My compositions often play with or emphasize bilateral symmetry like that of a building façade. As in reference to most biological organisms, they are never quite perfect or exact; they give way to varying degrees of mutation. They mirror themselves and deviate all together. They are in the process of conversion or function. Often they can float un-tethered in space or can be anchored in delicate balance. My paintings find themselves at a tenuous moment, as information is spilling out or focused inward. They imply scientific origins but reveal no concrete datum. As cropped spaces from a larger scale world, my paintings imply the viewfinder or aperture. Unlike the traditional window view in historical art these attempt to ride a fine median between conventional space and modern flatness. These paintings use windows within windows to echo the computer interface. They attempt to be unplugged luminescent beacons of a new program immediately abandoned by software developers.

My palette often focuses on high key colors in an effort to compete with and compliment the every day experiences of advertising, objects, architecture, garments, etc. Gradients and broad sweeps of color can converge and diverge over super sweet day-glow hues in ways that fold space and insinuate dynamic range. Natural, soft, hard, and toxic colors spill out and over an empty terrain of storefront displays. I include graphic and pattern elements as a way of broadening the image reference pool to engulf cultural and popular motifs. These examples would include elements from street fashion and popular objects in our natural and synthetic environments, i.e. the ubiquitous faux animal pattern.

The Danimal exploits series refers my interest in the animal print, to utilize natural variety found in wildlife and the human exploitation of it. I find a pervasive reference to the animal kingdom on bed sheets, t-shirts, panties, purses, and overcoats. At once both meaningful and banal, the status of high and lowbrow consumer culture, the animal print has become a loaded symbol of luxury and the cheap exotic. The zebra, leopard, tiger, peacock, etc. all have come to symbolize desire and beauty. I imagine if tigers had lawyers would they collect royalties for the use of their stripes on pillows and coffee mugs? What if animal species could protest the copyright and trademark infringement over their respective brands? I continue the exploitation and abstracting of animal forms into a new value system. Authentic skins and furs continue to be held as valuable commodities in poaching markets, but the world at large has moved on towards the synthetic, towards the extrapolated marks of exotic beauty. I re-hunt these new abstracted animals across the broad American plains from Vegas showbiz glitz to the fashion glamor of 5th Avenue and fluorescent isles of Wal-Mart.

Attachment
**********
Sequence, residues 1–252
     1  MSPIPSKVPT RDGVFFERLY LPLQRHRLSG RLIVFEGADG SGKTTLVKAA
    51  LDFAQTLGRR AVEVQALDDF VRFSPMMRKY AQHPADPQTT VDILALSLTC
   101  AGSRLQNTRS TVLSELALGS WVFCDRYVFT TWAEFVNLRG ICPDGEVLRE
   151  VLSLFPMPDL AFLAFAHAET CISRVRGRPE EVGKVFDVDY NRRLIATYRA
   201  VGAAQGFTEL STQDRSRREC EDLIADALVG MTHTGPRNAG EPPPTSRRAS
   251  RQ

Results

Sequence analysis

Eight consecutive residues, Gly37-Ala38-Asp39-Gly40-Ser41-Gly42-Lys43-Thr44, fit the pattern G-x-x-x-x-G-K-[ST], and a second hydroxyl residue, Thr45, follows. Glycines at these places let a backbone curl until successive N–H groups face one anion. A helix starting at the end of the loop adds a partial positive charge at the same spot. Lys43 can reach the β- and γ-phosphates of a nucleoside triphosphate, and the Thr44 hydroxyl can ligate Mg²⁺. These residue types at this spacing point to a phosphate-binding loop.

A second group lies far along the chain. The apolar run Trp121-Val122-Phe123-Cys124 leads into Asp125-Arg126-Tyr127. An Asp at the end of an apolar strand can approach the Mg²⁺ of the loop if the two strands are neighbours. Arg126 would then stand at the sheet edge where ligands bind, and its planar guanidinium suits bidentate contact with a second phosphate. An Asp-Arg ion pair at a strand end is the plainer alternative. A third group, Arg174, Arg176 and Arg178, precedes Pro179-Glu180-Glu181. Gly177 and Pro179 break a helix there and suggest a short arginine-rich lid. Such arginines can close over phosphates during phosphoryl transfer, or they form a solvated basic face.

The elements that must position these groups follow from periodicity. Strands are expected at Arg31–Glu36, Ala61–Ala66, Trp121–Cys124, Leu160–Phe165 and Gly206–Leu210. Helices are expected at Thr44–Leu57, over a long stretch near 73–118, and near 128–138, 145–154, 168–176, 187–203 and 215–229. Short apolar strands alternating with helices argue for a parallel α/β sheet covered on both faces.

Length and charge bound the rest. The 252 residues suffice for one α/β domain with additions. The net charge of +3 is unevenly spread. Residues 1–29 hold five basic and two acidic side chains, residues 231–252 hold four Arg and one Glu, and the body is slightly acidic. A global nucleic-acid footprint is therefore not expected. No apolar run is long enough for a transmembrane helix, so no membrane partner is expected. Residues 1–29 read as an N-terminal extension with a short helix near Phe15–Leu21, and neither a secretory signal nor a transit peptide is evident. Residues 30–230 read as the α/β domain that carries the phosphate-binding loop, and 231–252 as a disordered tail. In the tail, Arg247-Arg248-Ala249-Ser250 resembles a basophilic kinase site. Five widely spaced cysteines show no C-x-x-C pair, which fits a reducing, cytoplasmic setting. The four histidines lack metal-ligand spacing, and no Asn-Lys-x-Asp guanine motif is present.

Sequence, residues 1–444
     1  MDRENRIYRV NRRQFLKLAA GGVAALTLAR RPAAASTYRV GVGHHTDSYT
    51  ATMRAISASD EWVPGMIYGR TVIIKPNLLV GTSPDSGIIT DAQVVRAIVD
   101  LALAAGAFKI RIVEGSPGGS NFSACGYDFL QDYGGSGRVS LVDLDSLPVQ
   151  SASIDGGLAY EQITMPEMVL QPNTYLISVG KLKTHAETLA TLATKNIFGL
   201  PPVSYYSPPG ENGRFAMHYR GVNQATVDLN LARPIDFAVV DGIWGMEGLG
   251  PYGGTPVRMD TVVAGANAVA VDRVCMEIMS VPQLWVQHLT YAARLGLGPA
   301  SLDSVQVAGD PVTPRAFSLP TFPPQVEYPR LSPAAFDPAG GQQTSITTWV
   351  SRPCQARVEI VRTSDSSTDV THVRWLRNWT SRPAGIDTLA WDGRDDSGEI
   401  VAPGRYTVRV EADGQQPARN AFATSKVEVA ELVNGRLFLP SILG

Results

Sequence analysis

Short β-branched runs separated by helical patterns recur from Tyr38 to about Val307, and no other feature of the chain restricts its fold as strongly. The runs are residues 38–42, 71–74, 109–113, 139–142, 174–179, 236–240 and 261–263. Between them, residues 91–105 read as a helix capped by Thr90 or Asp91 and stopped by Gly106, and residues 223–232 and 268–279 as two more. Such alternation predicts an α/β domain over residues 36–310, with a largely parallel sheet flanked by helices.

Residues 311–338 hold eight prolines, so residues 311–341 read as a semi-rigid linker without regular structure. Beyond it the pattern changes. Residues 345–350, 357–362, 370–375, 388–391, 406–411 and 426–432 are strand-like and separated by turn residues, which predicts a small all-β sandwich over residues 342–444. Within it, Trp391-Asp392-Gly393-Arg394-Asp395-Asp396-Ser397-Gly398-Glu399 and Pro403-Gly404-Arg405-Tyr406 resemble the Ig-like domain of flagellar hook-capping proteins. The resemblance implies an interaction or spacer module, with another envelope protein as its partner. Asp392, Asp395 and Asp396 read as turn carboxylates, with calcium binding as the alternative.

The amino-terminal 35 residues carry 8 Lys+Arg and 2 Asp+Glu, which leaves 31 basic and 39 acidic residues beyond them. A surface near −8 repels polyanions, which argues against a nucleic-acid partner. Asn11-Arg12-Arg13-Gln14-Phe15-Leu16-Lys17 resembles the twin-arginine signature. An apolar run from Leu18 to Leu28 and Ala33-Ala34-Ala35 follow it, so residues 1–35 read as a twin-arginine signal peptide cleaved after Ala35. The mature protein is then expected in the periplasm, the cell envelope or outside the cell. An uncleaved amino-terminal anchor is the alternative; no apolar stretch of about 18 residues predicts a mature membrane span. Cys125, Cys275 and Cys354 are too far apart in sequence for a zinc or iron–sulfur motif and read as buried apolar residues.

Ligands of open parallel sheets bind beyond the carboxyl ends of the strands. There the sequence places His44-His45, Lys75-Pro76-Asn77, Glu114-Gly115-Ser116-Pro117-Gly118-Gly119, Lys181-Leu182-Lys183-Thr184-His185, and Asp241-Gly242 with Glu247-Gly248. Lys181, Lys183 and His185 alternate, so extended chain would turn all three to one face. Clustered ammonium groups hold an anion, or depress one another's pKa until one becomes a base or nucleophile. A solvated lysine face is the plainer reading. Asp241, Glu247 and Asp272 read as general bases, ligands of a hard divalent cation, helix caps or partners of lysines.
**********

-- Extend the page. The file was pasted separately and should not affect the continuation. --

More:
Catcher in the Rye: J.D. Salinger: We Loved You

Catcher in the Rye: J.D. Salinger: A True Story, No Kidding, I Mean Really.

It took me roughly ten years to pull myself together and return to this book and actually read it. It was assigned when I was a High School student and I never completed the damn thing for what ever reason. I’m not sure if I was too immature, too scared, or just plain lazy not to read it but I didn’t. As it turned out, I was more like Holden then I could have ever even imagined.

A week before my 26th birthday I decided to buy another copy of the famed book Catcher in the Rye. I picked up the edition at my favorite book shop in NYC with the original cover design loosely drawn depicting the books last scene, not the rainbow student edition. I think it was that bland cover that made me never want to pick it up; the minimal design never caught me when I was young and it still doesn’t. I wanted to finally come to terms with that one novel that kept resting in the back of my mind all those years and meet Holden Caulfield once and for all.

I was hooked from the first page. When I came to the book I had finally lived a little and been through the likes of Kerouac, Hemingway and even Steinbeck. Salinger’s character Holden and I became good friends in my mind, honestly. No kidding. I mean I really wanted to give old Jane a buzz. I did. The book was released in 1951 and here I am reading this in 2010 and I dig it like none other. I understand it. I get underneath it and Holden has got a hold on me like we see the world through the same eyes. When people say please, it depresses me too. It actually does.

The last scene of the book when Holden finally realizes his decision and enjoys the moment we both share in the revelation that is coming home. On my way back to Brooklyn after my long day at work and the gym I finished the book with that feeling you get when you are not too sad to let go but also excited for what will happen next even though you are only left in your own isolation.

I finished this wonderful story and I felt like I knew something intimate about its author. As I finished this story in silence J.D. Salinger was also slipping into his own. He would die that same day Wednesday January 27th of natural causes. He was 91.

I sit here now Thursday afternoon. My fiancé Katya sent me the news. I remain stunned that after a decade of keeping myself away from this powerful story, I finish the day he died. Full closure.

Immortality in art, it’s why we make it right?

"Don't ever tell anybody anything. If you do, you start missing everybody."
~J.D. Salinger, The Catcher in the Rye, Chapter 26